Corn- and soybean meal-based growing pig diets for this herd, produced in one centralized feed mill, were formulated to contain reduced dietary concentrations of available phosphorus (Figure 1). The margin of safety was decreased to minimize excess phosphorus excretion in the manure and lower feed cost per unit of gain. All diets fed to pigs < 109 kg (240 lb) bodyweight, however, still contained greater available dietary phosphorus concentrations than the inclusion estimates indicated by the NRC.3 The concentration of phosphorus in the rations fed from 109 kg (240 lb) to market was only slightly below the NRC estimated requirement.
After these reduced-phosphorus diets had been fed for approximately 9 months, the processor notified the herd owners that the frequency of pigs with minor loin damage was greater than twice that for pigs received from other producers (1.41% versus 0.58%). Plant personnel indicated that almost all of the minor loin damage was due to vertebral fractures during the stunning process, causing blood spotting on the loin muscle, which had to be trimmed for cosmetic purposes. Fractured vertebrae have been reported as the second-largest economic loss for the processor.8 In addition to inadequate dietary phosphorus, vertebral fractures during stunning can be caused by improper stunning.8 However, increases in the frequency of vertebral fractures were not noted by the processor in pigs from other sources. Therefore, lowered bone strength due to the reduced intakes of dietary phosphorus was suspected.
The available phosphorus concentration was therefore increased by 0.05% for all diets fed to pigs from 68 kg (150 lb) to market weight (Figure 1). The diets before and after the revision were balanced to provide an average Ca:P ratio of 1.1:1.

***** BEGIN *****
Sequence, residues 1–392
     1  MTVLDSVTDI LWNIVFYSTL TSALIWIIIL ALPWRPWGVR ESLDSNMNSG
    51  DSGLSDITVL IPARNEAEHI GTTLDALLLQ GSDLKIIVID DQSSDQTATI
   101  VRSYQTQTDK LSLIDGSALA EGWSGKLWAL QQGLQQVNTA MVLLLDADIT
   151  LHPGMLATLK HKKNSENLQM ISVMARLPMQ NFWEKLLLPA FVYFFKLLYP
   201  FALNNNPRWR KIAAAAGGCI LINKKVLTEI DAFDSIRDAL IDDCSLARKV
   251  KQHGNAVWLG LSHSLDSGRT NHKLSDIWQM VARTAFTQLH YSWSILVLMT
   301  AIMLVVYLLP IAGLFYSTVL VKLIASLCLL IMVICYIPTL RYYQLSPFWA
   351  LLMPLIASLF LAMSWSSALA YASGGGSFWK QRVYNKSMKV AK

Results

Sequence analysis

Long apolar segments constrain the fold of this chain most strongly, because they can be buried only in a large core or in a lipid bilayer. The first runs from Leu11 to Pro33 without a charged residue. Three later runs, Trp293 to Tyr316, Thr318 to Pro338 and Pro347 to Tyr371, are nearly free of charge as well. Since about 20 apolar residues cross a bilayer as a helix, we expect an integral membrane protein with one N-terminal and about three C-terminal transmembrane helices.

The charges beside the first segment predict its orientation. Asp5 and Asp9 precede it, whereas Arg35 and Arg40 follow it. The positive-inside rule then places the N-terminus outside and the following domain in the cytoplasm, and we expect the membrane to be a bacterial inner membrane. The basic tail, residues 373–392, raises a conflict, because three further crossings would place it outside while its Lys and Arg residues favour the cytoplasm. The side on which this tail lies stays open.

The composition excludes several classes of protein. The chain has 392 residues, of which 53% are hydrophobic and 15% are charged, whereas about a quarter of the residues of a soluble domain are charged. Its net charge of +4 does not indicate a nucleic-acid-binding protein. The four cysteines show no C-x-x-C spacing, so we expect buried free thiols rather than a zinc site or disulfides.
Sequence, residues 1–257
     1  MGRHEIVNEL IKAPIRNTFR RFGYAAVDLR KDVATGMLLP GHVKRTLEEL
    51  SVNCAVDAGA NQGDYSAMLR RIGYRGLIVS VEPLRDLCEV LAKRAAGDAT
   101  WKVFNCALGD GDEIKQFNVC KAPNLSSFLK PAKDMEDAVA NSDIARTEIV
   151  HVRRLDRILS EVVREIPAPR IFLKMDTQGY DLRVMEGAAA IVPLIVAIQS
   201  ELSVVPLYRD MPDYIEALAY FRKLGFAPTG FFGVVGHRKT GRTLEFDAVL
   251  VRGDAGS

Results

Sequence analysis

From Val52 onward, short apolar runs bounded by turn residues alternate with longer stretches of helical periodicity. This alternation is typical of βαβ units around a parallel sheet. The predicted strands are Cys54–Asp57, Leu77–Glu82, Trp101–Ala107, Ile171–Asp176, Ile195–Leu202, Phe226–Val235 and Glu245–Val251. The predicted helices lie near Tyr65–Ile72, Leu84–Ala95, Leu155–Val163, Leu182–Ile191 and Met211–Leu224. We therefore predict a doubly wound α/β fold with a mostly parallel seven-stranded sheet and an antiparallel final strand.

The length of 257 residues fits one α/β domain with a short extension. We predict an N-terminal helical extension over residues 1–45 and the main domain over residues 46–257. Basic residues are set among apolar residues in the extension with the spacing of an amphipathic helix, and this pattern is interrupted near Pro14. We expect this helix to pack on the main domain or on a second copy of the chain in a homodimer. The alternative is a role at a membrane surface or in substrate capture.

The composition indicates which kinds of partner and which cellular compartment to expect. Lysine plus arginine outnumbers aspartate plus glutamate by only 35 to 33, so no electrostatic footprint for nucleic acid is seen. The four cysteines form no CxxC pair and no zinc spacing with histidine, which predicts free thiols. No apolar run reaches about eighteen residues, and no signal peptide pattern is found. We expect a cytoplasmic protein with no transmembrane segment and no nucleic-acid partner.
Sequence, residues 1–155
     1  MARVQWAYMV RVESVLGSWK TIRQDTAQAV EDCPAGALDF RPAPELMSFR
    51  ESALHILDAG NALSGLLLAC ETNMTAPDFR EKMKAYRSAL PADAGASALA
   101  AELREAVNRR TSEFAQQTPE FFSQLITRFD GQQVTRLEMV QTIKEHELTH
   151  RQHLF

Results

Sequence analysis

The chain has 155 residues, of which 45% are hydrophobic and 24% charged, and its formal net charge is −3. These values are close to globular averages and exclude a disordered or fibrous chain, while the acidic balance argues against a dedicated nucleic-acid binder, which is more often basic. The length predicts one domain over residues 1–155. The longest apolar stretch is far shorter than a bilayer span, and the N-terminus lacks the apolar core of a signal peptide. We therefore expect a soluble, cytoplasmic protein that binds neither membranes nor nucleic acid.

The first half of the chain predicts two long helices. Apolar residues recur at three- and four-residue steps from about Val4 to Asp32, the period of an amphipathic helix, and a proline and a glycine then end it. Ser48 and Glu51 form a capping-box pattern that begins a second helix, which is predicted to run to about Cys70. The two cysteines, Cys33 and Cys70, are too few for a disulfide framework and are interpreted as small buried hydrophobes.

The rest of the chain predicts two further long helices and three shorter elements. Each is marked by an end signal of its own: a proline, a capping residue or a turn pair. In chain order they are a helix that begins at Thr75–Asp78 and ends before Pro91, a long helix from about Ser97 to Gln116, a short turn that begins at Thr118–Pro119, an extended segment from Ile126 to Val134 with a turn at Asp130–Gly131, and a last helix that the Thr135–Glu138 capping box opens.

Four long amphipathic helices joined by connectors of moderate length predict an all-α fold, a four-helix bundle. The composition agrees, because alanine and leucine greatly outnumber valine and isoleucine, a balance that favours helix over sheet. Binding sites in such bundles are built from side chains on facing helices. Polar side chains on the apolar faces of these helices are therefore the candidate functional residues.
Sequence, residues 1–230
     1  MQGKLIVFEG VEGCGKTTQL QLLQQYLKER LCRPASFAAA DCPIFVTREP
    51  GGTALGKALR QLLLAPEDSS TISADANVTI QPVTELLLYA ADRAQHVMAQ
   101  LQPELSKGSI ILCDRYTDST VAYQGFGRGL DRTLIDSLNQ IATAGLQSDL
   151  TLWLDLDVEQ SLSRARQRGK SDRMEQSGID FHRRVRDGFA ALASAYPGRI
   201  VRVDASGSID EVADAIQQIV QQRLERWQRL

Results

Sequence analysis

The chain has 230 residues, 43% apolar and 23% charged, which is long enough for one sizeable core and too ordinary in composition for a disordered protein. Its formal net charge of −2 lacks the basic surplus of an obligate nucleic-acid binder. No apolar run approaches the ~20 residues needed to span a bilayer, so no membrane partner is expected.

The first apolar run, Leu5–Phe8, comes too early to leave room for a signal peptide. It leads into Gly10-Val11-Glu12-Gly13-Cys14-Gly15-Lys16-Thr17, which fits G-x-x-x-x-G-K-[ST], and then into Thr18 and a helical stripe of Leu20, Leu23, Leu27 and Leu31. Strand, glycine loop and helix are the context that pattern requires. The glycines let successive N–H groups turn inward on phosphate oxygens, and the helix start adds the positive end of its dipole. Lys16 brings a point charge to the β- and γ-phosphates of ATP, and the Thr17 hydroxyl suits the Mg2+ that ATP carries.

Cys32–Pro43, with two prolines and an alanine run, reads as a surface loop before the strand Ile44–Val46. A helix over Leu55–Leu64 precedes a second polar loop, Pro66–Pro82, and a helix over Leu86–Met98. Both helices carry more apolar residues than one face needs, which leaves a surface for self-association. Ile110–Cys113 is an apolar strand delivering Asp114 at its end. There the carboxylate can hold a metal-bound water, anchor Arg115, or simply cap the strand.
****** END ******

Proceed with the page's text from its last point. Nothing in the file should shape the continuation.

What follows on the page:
After the diet revision, data on minor loin damage were collected from the processor and examined to determine whether the increase in dietary phosphorus was sufficient. The daily rates of minor loin damage (expressed as the percentage of pigs with minor loin damage delivered to the processor per day) were compared to the daily rate for other producers that provided pigs to the processor for an 8-month period, beginning 3 months before the diets with increased phosphorus were implemented in the case herd. The frequency of minor loin damage in case herd pigs returned to values normal for that processor 2 months after the diet revision. Therefore, the data were evaluated in three time periods:
- the 3 months "before" the diet revision,
- the 2-month "transition" period from the time of revision until improvement was noted, and
- the 3 months "after" the transition period.
The minor loin damage rates over time for the case pigs were examined using two time-series regression models. This analysis incorporated an autocorrelation error structure of lag 1 to account for correlation between consecutive points in time.9 The first model examined the change in minor loin damage during the "before" periods versus the "transition" + "after" periods. The second model examined minor loin damage rates during the "before" + "transition" periods versus the "after" period.
The first model indicated that there was a trend (P<.08;Table 1) for decreases (0.31%) in minor loin damage rates when the "before" period was compared to the "transition" + "after" periods. The large day-to-day variation in frequency of minor loin damage during the "before" period began to decrease during the "transition" period (Figure 2). The second model indicated that damage rates decreased significantly (0.74%; P<.001) in the "after" period compared to the "before" + "transition" periods. Note that during the "after" period, the incidence of minor loin damage for the case herd was almost identical to the processor average from other suppliers.
Closeout data were examined for 17 groups in the "before" period and eight groups in the "after" period (Table 2). Data from the "transition" period were not available to include in the analysis. Because the closeouts from the "after" period had a slightly higher average beginning weight, the feed efficiency was expected to be slightly higher. Therefore, feed efficiencies (feed:gain [F:G]) were adjusted to common beginning and market weights using the procedures outlined by Dritz, et al.,10 according to the following equation:10